Smart vs. Good – Our Philosophy

John Dockendorf12 Jun, 2013
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Counselor Orientation Exploring the local hike up Black Balsam.
Counselor Orientation Exploring the local hike up Black Balsam.

One of our themes for counselor orientation this year is Smart vs. Good.

If you as a parent actually had to choose, would you choose for your child to be a smart kid or a good one?  Of course, it’s a ridiculous question; we want both for our child! But if we had to make an absolute choice, I would imagine most of us would choose “good” without too much regret.  But if you look at parental priorities in our country, many of us parents are actually prioritizing the smart, over the good.  Just take a minute and look at where you invest the most time.

By smart, my definition doesn’t mean only focusing on grades, SAT scores or admission to elite colleges. It also includes asking our child to become exceptional through their extra-curricular achievements such as soccer, dance, drama or a similar activity.  If we put as much effort in focusing our child towards being exceptionally good rather than exceptionally smart, we might be doing our child (and the world) a greater service.

Rather than focusing on outcomes (like soccer scholarships or eventual admission to an elite college ), Edward Hallowell in The Childhood Roots of Adult Happiness relies on research to prove that focusing instead on creating good habits during childhood will best help our children succeed. Creating habits that build joy, self-esteem, social achievement, self – efficacy and optimism in youth equips our kids with the tools to experience greater success later in life.

Assuming that your child’s spring (like mine) has been filled with standardized tests, recitals and soccer tournaments, we are readying our Camp Pinnacle counselor team to be eager to engage your child through play.  We are excited to get kids away from the fast moving, achievement oriented “digital wonderland”in which we live and immerse them in nature. We are going to give them a boundless choice of exciting activities and games.

We surround our kids with optimistic and larger than life role models.  We have specifically designed our counselor orientation this year to help give our team the tools to focus on building confidence and self-esteem, social achievement and optimism in our campers.  This begins by creating a comfortable and cohesive community that appreciates and recognizes both joy and play. We give children opportunities to sample many new activities, some of which they will come to love.  From trying a “scary” waterslide to climbing a rock or mountain, kids get to practice and gain new skills.  Their “mastery” and hard work (not achievement) will be acknowledged as they earn stickers for improving specific skills.  These genuine accomplishments build competence which is reinforced through public recognition in our evening meetings.  Competence begets confidence and repeated success builds optimism.  Breaking skill attainment down into small and fun measurable goals builds the belief that one can be in control of their eventual success. This promotes self-efficacy.  Meanwhile the “Good” is constantly being reinforced through modeling and recognition.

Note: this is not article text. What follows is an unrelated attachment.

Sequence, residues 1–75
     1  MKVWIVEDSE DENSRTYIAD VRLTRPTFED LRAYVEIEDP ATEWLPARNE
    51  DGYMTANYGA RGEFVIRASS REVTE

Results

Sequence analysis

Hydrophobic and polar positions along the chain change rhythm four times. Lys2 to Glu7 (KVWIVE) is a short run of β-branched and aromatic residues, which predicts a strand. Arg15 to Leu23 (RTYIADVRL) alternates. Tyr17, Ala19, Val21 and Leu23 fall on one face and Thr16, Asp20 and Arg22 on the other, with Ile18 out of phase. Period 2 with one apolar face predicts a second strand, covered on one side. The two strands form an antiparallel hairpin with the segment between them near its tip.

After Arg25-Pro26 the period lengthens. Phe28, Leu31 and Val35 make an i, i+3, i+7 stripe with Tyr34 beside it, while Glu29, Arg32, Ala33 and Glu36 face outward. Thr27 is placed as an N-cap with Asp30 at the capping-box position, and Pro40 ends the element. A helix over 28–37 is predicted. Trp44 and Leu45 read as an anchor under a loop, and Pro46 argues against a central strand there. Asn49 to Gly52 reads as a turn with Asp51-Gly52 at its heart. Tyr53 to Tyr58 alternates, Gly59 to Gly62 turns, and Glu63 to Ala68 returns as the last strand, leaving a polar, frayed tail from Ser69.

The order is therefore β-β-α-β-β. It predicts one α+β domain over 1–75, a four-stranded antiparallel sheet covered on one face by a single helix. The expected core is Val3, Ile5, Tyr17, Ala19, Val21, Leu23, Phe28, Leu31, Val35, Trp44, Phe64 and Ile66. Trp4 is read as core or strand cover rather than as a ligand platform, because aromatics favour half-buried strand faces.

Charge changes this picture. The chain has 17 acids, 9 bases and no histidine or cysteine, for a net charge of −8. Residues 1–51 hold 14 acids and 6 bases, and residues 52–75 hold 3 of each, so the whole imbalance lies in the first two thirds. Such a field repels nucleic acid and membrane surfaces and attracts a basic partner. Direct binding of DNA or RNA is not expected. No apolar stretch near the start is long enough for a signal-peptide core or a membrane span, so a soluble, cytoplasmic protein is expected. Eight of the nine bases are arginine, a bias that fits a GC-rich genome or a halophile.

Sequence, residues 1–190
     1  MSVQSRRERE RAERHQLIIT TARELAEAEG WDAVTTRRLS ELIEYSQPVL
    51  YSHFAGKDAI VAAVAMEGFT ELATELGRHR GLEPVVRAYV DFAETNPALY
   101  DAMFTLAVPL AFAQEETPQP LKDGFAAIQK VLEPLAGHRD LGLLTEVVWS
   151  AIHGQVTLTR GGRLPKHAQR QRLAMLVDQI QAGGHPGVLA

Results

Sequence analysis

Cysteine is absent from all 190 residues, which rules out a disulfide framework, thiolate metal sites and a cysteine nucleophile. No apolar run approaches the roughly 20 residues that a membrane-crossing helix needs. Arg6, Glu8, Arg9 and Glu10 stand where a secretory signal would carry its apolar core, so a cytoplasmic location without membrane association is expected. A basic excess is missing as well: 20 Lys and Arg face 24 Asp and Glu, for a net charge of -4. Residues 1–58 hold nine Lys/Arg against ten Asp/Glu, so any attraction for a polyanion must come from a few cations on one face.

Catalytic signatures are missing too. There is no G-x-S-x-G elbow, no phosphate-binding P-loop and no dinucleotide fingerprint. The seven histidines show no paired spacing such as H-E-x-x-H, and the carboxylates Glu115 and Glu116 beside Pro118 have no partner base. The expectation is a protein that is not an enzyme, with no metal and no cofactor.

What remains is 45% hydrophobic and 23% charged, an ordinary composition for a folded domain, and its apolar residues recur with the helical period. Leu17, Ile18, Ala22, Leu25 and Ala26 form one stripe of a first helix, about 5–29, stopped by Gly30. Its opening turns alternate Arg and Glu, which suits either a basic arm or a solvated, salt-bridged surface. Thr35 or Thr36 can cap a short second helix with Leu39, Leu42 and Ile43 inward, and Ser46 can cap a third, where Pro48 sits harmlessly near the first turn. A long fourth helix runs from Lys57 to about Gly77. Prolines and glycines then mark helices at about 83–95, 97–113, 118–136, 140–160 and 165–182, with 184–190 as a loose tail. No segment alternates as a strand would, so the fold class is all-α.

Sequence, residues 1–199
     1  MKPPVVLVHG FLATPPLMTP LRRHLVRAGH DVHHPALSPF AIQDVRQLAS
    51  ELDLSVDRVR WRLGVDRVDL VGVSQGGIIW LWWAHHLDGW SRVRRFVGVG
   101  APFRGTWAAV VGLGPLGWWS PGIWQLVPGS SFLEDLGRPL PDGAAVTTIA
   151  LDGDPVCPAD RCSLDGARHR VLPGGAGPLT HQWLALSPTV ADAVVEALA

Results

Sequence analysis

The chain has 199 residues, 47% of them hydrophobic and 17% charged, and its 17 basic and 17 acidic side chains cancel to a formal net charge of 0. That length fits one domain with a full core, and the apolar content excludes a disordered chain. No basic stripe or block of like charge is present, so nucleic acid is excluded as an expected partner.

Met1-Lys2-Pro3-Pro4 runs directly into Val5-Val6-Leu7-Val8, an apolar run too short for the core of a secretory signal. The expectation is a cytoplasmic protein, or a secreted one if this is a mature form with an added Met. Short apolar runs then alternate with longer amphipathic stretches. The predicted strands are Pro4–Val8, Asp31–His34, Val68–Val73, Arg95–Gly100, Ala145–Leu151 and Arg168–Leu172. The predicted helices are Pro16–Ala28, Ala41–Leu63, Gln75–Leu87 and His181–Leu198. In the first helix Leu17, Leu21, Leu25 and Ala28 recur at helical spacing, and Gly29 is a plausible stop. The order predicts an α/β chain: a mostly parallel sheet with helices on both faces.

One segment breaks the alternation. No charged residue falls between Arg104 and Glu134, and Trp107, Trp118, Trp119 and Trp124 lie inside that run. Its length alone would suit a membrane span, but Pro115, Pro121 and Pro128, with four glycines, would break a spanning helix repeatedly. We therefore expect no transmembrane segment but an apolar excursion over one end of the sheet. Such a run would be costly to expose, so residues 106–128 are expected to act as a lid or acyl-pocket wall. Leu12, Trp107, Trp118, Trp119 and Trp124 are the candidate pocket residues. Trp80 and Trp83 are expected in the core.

In our focus on “Good”, we emphasize our five R’s:  respect, responsibility, reaching out to others, reasonable risk and resilience through both language and example.  This is easy because we begin with good kids, really good kids.  And, I know as a parent, it’s always better when life lessons and parental values are reinforced by someone my children perceive as “cool.” (And that’s definitely not me, according to both my 9 and 11 year olds, who will also be attending Camp.)

We will break a lot more of the theory behind the fun at Camp Pinnacle down in later blogs throughout the summer, but I wanted to give you a brief overview of some of the philosophy and substance that is permeating our staff orientation this year.  I am incredibly impressed with our counselors.  They are an exciting and impressive team of role models.  The caring and inclusive camp culture they are forming will serve as a model for our campers as we build our camp community.

We are getting very excited for your child to arrive. We know of nothing that is as fun or as good for them as camp.  Camp might even be better than “eating your vegetables!”

Have your child arrive ready for fun and play, and while he or she is focusing on the play, we are going to throw in the seeds for resilience, optimism and confidence. We will let the “Smart” take a break for a little while, and foster the “Good”! After all …it’s finally summer!

See you at Camp,

Dock

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